Kyphosis is a condition where the convex curvature of the back is abnormally increased causing a hunched back and may lead to the formation of a dowager’s hump, in severe cases. Patients begin to develop symptoms such as nerve compression with the progression of the disease. Prominent kyphosis can lead to intestinal obstruction resulting in pain in the lower abdomen area. Kyphosis causes abdominal conditions such as gastrointestinal reflux disease (a digestive disorder), compression of abdominal contents, pain or a hiatal hernia (a condition in which a part of the stomach is pushed into the diaphragm).
A normal spine has three curves which enable it to absorb the load on the spine due to the weight of the body. These are the inward curvature at the cervical spine or the neck region of the spine and the lower back, and the outward curvature at the thoracic spine, or the upper back region. These normal curves of the spine allow the head to be balanced directly over the pelvis.
Kyphosis is a spinal disorder referring to an abnormal outward rounding of the back, creating an appearance of a hunchback. It usually develops in the thoracic spine or the upper back. It can also develop in the neck region, in which case it is known as cervical kyphosis, and in the lumbar spinal region (lower back).
There are many causes of kyphosis. Some of them are:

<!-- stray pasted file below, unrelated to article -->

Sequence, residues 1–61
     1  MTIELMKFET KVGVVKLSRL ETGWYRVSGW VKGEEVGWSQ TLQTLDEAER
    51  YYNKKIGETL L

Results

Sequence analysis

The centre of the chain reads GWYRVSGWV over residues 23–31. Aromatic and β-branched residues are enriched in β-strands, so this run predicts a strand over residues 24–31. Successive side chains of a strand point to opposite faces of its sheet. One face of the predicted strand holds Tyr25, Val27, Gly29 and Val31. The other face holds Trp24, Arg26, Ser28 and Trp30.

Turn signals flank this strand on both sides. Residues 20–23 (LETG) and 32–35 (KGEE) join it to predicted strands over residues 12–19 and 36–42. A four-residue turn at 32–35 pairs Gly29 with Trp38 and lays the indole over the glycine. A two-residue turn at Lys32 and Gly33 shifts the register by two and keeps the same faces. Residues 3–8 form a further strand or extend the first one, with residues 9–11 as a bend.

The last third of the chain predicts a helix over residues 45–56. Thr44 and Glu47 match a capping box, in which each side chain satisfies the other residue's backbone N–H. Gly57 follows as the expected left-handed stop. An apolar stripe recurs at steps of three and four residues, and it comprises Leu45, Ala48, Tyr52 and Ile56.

- Osteoporosis: This is the usual cause of kyphosis in adults. In this condition, the bones become fragile and are more likely to break.
- Congenital Kyphosis: An abnormal development of the spine in the womb which results in two or more vertebrae sometimes fusing together.
- Spondylolisthesis: An abnormal slipping or dislocation between two vertebrae.
- Postural Kyphosis: Poor posture such as slouching and leaning back in the chairs. And carrying heavy bags can stretch the supporting muscles and ligaments which can increase the spinal curvature. This is more common in girls than in boys and is usually first noticed during adolescence.
- Scheuermann’s Kyphosis: A structural deformity of the vertebrae due to which they can end up being out of position.
- Ankylosing Spondylitis: A type of arthritis characterized by chronic inflammation of the spine and the sacroiliac joints.
- Cancer: Cancer in the spine can weaken them and hence make them more susceptible to fractures. Cancer treatments such as chemotherapy and radiation treatments can also have a similar effect.
- Degenerative changes in the spine due to age or other factors.
- Spinal infections and tumor
The treatment for kyphosis depends on the underlying causes, severity and any additional symptoms. Nonoperative treatments like medications, physical therapy and braces are considered before resorting to surgery.
Surgery for kyphosis is carried out if the pain is severe and not relieved by nonoperative treatments, if the condition is progressing, has resulted in a physical deformity or if patient is suffering from congenital kyphosis.